Even a simple reorganization of shelf stock can result in more space, with a bonus of greater efficiency. If the shelves are all equally spaced, and the products are not all the same size, the solution is obvious. Condense the inventory to a tighter configuration and reclaim the space for additional storage. A more subtle benefit is that walking distances are automatically reduced, especially if the fastest moving products are place in prime locations adjacent to main aisles instead of down long narrow aisles. By creating a “quick pick” zone at the aisle ends the total travel distance/order can be significantly reduced.

This technique works best with clip type adjustable steel shelving, but even old wood bins can be replaced a unit at a time, over an extended period. Just do this one section or family at a time and be patient. Generally the speed of the process increases dramatically as the project progresses. This is due to conquering the learning curve while simultaneously adding more working space for maneuvering.

Making more hours in the day…life beyond the usual 24
Time skipping can do wonders for many operations, and the cost can be zero. After achieving some success with the projects outlined above you will gain a better feel for what can be accomplished and how long the tasks will require. Apply this knowledge by reorganizing the work day to take advantage of both part time help and full timers who start at staggered times. Just because the traditional warehouse workday has been from 7:00AM to 4:00 PM is no reason to continue this way in perpetuity. Some of the staff can start at Noon or even 3:00 PM to overlap with the other teams and clean up the day’s receiving and stocking. With an extended workday order picking and truck loading can be accomplished at night. This gives you more time for customers to place their orders and the trucks can go out before the morning traffic builds.

Even if your customers are not open early in the morning, the drivers can do their longer transit runs full and work their way back as the truck empties. Track how this works, then go back to the first paragraph again and reclaim the saved time by adding more stops or developing programs such as inventory management of the customer’s stockroom or other value added services. More income and a tighter relationship with the customers is certainly a great way to multiply the time and labor savings.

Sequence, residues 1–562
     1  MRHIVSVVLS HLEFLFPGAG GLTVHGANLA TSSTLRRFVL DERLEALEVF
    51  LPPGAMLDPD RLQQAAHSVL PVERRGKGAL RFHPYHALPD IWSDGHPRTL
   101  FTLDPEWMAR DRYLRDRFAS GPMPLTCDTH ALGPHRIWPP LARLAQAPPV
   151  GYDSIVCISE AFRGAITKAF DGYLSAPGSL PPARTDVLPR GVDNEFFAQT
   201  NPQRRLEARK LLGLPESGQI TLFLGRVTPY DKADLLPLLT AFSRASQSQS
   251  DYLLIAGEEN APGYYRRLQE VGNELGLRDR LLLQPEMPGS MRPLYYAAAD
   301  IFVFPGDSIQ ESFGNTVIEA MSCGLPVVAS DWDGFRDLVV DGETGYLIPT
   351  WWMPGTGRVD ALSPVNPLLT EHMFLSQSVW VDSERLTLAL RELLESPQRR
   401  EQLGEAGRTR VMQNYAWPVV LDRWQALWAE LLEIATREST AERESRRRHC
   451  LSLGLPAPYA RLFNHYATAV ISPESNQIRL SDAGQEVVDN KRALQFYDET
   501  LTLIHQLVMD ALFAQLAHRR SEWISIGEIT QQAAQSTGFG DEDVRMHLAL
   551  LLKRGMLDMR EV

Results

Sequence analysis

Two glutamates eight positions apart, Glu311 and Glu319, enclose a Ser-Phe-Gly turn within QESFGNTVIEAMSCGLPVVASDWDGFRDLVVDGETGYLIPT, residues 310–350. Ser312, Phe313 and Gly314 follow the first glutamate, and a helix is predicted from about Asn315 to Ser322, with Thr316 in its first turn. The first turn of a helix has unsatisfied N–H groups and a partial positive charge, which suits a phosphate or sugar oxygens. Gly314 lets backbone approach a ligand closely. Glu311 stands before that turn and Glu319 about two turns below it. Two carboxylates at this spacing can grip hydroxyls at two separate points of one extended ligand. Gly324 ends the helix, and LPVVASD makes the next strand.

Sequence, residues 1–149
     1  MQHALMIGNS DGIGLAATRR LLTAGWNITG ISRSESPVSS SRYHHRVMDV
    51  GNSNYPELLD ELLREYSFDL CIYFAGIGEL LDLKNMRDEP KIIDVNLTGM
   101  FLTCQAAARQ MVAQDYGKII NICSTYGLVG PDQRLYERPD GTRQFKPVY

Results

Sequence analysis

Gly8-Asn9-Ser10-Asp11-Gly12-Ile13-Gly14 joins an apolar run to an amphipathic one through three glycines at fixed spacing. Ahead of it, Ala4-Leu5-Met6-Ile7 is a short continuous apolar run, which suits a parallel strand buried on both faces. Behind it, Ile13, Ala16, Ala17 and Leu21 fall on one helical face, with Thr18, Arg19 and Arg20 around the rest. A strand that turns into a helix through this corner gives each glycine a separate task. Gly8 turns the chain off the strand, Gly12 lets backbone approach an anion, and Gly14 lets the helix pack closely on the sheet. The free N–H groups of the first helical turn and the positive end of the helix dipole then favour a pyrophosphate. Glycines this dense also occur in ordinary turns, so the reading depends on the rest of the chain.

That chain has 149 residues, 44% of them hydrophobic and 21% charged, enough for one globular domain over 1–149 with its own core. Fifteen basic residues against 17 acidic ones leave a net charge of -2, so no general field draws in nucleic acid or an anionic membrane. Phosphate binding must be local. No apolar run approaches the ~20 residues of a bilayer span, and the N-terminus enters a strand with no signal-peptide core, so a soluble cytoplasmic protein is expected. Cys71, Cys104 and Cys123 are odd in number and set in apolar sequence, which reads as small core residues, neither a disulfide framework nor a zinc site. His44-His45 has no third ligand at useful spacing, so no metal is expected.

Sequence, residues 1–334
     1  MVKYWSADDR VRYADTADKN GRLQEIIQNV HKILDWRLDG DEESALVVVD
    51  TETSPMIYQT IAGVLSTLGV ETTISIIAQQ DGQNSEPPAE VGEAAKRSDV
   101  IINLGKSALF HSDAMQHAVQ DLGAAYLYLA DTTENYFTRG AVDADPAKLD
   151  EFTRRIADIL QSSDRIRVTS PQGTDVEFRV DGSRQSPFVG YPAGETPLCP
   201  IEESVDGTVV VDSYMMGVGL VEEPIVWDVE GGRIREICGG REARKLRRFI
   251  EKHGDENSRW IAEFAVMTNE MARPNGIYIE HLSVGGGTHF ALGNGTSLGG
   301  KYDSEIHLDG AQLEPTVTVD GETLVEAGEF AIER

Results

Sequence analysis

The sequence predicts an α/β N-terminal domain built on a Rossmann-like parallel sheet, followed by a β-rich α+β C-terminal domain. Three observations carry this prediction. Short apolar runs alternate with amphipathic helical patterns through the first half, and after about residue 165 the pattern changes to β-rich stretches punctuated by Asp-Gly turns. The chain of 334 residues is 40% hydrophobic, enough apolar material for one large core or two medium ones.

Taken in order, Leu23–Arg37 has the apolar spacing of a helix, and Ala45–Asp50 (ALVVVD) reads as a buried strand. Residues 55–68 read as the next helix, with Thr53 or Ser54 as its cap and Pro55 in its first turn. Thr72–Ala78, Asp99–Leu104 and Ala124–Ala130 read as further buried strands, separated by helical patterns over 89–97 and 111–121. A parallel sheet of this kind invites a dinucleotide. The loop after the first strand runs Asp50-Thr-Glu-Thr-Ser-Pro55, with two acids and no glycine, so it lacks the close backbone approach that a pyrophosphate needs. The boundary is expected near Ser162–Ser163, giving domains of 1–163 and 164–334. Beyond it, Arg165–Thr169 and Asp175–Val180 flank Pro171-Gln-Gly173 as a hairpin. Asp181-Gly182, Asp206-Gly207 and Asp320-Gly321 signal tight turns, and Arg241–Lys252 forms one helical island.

Don’t neglect new technologies that can greatly extend your workday at little or no cost. For example, with branches in multiple time zones, and voice over Internet or call forwarding a branch that is open can answer the phone for the branches that are closed. This adds more time both in the evening and in the morning. Just remember to retrain your customers to take advantage of this service. And retrain your staff to think of the phone as a two way device, not something to stare at until it rings. Telemarketing across time zones can keep the orders flowing even after the branch that will physically is closed. With staggered work hours you can even cut 24 hours off of the delivery cycle without any additional costs.

Even if you do not have a branch in another time zone, you may have a buddy. Those nice folks that you met at the last convention (you know, the ones in the photographs displayed in this magazine) might just be willing to work this technique with you. If neither of you compete geographically and you both can benefit without adding any more staff, this is a simple way to gain a longer work day, tap into the expertise of all the personnel involved and better satisfy the customers.

Is there more?
Of course there is. This article is only a catalyst; we just haven’t fully explored the opportunities. If you have practical ideas along these lines that are working for you, send them to me at robert@footlik.com and I’ll compile them and publish the best. No prizes are promised, but the greatest innovations come from those who are closest to the challenge and creative enough to come up with innovative solutions.

This process never really ends until you become a “Lean, sweet, customer service machine.”